SWA compared the specifications and component costs for a baseline building to the ECMs implemented in the building (see Table 1). The baseline building specifications were determined using Appendix G of ASHRAE Standard 90.1-2004 along with a few minimum-performance standards required by NYSERDA. Since ASHRAE 90.1 is a relatively stringent standard, baseline requirements exceed standard practice for New York City. Pegging the program to a national standard will eventually allow for the normalized comparison of buildings in different parts of the country, as is done with single-family homes. From a developer standpoint, this baseline approach does not give credit for those specifications that are found in ASHRAE 90.1 but have not been included in a developer’s previous projects. However, the goal of this program is to raise the bar and encourage the construction of better buildings.

Whole-Building Energy Performance

Energy savings were evaluated by comparing simulations of the building to the baseline building. All simulations and projected energy savings have been developed using TREAT, Version 3.0.19 software. The final design resulted in a 20% reduction in estimated energy consumption compared to the baseline building. Put another way, the energy performance of 1212 MLK Apartments is 20% better than that of an already pretty good (ASHRAE 90.1-compliant) building (see Table 2 and Figures 1 and 2). Projected costs are based on energy prices of $0.15/kWh and $1.49/therm.

Installing four high-efficiency front-loading clothes washers in the first-floor laundry room was the most cost-effective ECM. Both electricity and hot water use of clothes washers is reflected in the “Appliances” wedge of the pie charts. Based on an assumption of nine loads of laundry per day per washer, upgrading the Modified Energy Factor (MEF) of equipment from 1.04 (baseline) to 1.89 (as built) will result in a savings of $5,127 per year. As is typical in New York City, washers and dryers are leased, which means that one of the most important ECM decisions was not finalized until the very end of the construction process.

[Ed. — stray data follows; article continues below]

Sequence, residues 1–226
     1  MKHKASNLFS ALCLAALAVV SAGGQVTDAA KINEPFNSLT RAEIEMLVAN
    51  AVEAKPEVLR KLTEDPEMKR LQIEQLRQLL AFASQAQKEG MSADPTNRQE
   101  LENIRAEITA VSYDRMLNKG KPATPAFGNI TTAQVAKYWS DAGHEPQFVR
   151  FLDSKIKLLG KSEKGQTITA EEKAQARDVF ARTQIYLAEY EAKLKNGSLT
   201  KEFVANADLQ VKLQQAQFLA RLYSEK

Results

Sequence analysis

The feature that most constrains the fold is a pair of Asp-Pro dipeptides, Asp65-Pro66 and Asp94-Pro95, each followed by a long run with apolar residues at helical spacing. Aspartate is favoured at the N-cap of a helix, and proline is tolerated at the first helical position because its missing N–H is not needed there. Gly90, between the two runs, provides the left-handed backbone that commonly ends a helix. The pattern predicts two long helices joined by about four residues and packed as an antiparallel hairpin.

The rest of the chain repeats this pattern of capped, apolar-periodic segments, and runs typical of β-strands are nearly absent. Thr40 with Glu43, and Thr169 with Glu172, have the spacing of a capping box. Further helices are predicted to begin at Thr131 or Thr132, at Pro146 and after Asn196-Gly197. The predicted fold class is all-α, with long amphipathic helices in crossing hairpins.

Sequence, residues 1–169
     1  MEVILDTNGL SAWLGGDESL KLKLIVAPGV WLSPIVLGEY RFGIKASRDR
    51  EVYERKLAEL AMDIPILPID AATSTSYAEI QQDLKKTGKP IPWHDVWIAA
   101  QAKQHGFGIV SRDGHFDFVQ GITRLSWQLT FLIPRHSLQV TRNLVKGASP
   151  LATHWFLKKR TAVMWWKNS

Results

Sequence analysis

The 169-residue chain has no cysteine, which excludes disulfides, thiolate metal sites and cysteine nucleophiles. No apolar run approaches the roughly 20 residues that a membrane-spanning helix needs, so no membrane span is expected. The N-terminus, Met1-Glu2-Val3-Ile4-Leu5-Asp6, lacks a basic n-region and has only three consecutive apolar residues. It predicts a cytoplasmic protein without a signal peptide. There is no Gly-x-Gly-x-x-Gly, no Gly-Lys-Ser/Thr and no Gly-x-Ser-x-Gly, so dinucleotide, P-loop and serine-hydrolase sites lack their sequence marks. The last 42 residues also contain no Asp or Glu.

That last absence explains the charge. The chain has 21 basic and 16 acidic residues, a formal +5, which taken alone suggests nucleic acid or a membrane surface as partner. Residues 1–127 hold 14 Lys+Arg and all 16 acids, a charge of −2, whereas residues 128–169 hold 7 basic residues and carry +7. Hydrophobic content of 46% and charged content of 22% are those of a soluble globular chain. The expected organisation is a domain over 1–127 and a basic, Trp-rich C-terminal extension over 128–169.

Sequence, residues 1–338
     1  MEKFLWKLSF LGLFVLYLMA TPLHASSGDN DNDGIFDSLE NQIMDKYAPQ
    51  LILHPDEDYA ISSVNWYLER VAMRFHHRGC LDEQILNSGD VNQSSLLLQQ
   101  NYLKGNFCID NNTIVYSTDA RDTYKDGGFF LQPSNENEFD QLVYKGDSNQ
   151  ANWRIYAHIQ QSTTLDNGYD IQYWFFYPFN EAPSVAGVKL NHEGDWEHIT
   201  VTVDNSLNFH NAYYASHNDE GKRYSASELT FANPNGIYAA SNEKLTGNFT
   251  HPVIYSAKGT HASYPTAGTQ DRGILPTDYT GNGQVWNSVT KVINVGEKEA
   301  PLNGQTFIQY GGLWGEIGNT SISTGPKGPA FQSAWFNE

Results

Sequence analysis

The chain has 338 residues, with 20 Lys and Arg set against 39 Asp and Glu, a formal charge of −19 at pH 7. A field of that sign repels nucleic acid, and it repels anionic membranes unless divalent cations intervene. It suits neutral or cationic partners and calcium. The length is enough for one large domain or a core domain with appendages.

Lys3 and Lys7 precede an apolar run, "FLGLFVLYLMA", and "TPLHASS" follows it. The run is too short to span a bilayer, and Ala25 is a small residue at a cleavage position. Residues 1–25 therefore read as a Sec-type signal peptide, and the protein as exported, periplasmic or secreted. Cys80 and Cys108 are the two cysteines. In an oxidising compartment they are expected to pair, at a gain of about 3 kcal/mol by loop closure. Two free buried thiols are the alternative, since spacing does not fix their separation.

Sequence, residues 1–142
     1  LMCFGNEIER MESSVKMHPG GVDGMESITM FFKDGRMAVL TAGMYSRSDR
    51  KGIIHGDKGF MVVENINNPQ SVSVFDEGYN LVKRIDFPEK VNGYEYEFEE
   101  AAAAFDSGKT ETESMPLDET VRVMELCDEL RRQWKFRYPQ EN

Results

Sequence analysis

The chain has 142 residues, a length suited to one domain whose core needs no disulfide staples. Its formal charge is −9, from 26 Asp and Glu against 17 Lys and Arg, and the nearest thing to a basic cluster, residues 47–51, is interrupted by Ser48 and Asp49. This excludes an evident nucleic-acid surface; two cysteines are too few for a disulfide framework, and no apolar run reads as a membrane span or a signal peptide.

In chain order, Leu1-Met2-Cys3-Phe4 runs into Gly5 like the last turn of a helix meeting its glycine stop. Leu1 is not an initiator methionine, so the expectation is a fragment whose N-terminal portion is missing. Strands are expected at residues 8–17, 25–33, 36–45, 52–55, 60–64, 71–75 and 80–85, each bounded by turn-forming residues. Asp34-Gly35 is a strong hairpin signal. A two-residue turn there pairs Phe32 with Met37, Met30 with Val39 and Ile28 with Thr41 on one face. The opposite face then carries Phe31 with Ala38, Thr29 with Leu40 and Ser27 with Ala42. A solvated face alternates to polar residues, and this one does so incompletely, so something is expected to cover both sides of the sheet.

Installing top-of-the-line OTIS Gen2 “machine room-less” elevators was the least cost-effective ECM. Using an on-line Otis Energy Expense calculator, SWA estimated a savings of 800 kWh per year. This savings estimate was based on an assumption of 360 rides per day for the building that was derived from research done by Henry Gifford in another six-story New York City building. These results indicate that in a six-story multifamily building, state-of-the-art elevator technology is not justified based on energy savings alone (there are, of course, maintenance and reliability benefits associated with new elevator technology).

Next Steps

Now that the 1212 MLK Apartments are occupied, SWA will collect utility bills for a year in order to provide a reality check on simulation results and to provide feedback to Dunn Development Corporation and Beulah HDFC, Incorporated, on building performance. In addition, with funding from HUD’s Partnership for Advancing Technologies in Housing (PATH) program, SWA also installed long-term monitoring equipment to assess ventilation system performance in one line of six apartments.

Dunn Development Corporation has already incorporated some details from 1212 MLK Apartments, such as the 1-inch Roxul insulation, into its standard specifications for future projects. SWA hopes that information from the field monitoring will prove useful, both by giving the developer confidence in the performance of new building systems and by helping to identify opportunities for further improvement.

Marc Zuluaga and Gayathri Vijayakumar are engineers at Steven Winter Associates.

Steven Winter Associates would like to thank Mike Colgrove at NYSERDA for his work in developing the pilot program and Mark Zimet at Dunn Development for his open mind throughout the whole process.